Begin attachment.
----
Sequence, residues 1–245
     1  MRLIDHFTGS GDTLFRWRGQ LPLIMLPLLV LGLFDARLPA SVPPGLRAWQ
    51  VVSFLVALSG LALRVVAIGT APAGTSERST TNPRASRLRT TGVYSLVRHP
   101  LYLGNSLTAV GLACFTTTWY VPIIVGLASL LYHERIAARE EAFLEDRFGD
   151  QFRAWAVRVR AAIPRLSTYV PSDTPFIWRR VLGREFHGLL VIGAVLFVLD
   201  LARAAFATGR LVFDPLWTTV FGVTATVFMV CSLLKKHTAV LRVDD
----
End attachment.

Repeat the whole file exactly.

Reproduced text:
Sequence, residues 1–245
     1  MRLIDHFTGS GDTLFRWRGQ LPLIMLPLLV LGLFDARLPA SVPPGLRAWQ
    51  VVSFLVALSG LALRVVAIGT APAGTSERST TNPRASRLRT TGVYSLVRHP
   101  LYLGNSLTAV GLACFTTTWY VPIIVGLASL LYHERIAARE EAFLEDRFGD
   151  QFRAWAVRVR AAIPRLSTYV PSDTPFIWRR VLGREFHGLL VIGAVLFVLD
   201  LARAAFATGR LVFDPLWTTV FGVTATVFMV CSLLKKHTAV LRVDD